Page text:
My men behaved admirably throughout the fight, and were everything I could wish. Lieutenant Butler, the only officer with me, distinguished himself by his cool and gallant conduct, and rendered me the most essential service.
Hoping this will prove satisfactory, I am, very respectfully, your obedient servant,
F. L. D. RUSSELL,
First Lieutenant, Fourth Artillery, Comdg. Company M.
Chief of Artillery, Twenty-first Army Corps.
Report of Brig. General Horatio P. Van Cleve, U. S. Army, commanding Third Division.
HDQRS. THIRD DIVISION, TWENTY-FIRST, ARMY CORPS, Chattanooga, Tenn., September 30, 1863.
COLONEL: I have the honor to submit the following report of the operations of this division from the 4th to the 21st of September:
On the 4th, by your order, I crossed the Tennessee at Shellmound with the First and Third Brigades, the Second Brigade being at McMinnville.
On the 5th, we marched to Whiteside's. Then, by your order, I left Colonel Price, with the Twenty-first Kentucky, to guard the road, and we marched a few miles southeast with the balance of the command.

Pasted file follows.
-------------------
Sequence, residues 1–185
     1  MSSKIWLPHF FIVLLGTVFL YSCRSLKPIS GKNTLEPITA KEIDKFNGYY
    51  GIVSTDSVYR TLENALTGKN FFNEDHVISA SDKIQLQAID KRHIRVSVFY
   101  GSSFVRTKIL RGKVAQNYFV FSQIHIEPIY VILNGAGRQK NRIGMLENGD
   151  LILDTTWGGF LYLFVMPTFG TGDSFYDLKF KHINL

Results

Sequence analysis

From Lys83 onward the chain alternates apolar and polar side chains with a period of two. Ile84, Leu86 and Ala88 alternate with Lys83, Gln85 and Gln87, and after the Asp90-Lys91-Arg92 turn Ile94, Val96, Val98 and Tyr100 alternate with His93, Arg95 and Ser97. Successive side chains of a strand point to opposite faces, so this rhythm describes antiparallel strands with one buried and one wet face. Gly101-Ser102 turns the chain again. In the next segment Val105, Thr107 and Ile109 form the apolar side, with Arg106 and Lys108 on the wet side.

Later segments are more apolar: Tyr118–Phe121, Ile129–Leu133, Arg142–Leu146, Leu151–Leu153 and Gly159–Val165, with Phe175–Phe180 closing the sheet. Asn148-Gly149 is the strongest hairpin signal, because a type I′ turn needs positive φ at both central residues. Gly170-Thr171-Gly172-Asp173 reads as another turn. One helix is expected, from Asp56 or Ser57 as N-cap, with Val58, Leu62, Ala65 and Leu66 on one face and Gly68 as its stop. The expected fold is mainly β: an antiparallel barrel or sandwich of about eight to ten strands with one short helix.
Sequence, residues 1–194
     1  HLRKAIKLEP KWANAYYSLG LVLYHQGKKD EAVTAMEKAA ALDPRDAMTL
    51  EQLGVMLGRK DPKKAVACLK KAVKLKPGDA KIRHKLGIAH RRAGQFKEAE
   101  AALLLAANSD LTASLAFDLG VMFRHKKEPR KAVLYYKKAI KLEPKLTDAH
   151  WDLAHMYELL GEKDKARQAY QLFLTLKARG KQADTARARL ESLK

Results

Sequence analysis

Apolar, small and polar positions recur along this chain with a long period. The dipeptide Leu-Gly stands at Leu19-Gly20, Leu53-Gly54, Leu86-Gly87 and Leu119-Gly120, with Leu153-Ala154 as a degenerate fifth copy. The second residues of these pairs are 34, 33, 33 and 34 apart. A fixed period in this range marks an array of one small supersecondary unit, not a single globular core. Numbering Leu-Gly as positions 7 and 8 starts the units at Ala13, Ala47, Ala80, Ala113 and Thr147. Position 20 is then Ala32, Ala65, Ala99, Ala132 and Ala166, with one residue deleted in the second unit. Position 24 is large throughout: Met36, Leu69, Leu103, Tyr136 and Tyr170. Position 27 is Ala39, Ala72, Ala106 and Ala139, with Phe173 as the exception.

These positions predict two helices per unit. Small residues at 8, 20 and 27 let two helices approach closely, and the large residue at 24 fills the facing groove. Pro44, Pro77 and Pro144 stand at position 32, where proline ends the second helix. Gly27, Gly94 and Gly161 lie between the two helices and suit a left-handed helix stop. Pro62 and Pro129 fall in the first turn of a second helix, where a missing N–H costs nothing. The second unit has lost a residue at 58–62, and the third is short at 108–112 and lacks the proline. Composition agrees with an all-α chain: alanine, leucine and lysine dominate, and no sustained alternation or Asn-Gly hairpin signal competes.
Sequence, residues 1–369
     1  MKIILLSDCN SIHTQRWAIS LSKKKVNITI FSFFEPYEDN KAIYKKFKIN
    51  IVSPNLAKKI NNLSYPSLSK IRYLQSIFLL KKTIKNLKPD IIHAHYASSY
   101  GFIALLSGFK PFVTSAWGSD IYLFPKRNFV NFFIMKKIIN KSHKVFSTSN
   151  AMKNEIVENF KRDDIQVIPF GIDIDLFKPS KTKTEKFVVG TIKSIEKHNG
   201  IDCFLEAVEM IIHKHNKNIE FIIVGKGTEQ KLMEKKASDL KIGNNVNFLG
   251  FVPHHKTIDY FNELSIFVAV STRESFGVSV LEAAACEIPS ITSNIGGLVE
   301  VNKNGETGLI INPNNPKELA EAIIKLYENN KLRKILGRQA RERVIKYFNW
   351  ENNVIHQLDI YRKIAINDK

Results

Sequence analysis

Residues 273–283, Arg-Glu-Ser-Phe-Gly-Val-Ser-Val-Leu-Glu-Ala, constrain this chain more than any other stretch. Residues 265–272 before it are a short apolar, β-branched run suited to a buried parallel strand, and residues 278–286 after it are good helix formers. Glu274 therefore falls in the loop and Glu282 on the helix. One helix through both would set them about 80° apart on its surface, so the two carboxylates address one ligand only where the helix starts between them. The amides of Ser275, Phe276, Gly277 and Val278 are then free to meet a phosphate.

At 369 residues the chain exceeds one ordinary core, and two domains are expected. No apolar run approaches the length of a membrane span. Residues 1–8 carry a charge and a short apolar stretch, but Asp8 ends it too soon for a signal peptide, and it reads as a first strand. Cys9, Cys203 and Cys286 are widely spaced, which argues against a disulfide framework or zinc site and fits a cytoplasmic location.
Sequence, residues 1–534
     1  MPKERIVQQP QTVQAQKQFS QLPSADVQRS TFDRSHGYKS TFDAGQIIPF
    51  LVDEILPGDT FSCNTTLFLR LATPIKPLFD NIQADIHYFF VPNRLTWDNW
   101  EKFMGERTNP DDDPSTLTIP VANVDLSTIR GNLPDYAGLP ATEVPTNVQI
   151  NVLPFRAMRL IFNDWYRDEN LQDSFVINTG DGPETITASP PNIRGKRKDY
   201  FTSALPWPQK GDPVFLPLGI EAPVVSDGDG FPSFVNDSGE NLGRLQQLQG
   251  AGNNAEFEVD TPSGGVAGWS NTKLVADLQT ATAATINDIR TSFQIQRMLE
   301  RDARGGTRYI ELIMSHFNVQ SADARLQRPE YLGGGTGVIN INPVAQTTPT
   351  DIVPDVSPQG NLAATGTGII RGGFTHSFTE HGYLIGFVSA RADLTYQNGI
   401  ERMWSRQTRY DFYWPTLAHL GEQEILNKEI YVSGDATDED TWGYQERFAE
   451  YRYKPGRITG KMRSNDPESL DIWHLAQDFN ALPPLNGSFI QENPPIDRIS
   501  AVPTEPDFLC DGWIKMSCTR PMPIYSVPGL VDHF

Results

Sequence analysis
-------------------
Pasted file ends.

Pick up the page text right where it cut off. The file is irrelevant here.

On the 9th, we marched toward Chattanooga, and learning that it had been evacuated by the enemy, we turned to the left, after crossing Lookout Mountain, and marched to Rossville.
On the 10th, we marched toward Ringgold, and encamped in the valley of Pea Vine Creek. Was joined by Colonel Dick, with the Second Brigade, on the 11th. We continued our march, and at Ringgold, meeting the rebels, under Forrest, drove them before us. At this time Colonel Sid. M. Barnes was in the advance, and handled his brigade very handsomely. At Ringgold, while waiting for General Palmer, who was marching by way of Graysville, Colonel Wilder passed me, following the enemy toward Dalton.
The rebels destroyed the railroad bridges across the Chickamauga, some four or five, as they fell back before us. I encamped that night 3 miles beyond Ringgold, on the road toward Dalton. The next day, the 12th, I marched back to Ringgold, and, by the way of Peeler's Factory, went to Gordon's Mills, on the Chattanooga and La Fayette road. Here I found General Wood, with his division and in the evening was again joined by General Palmer.
On the 13th, by your order, I made a reconnaissance with my division 3 miles toward La Fayette. We met the rebel cavalry immediately after passing our picket line, and with sharp skirmishing drove them back. Two privates of the Nineteenth Ohio were mortally wounded by a solid shot. Captain Drury, chief of artillery, and Lieutenant Clark, Company G, Seventy-ninth Indiana Volunteers, were seriously wounded. The loss of the enemy is not known. In this reconnaissance, General Beatty was in advance and managed his command well.
On the 14th, I marched to Chattanooga Creek Valley, and on the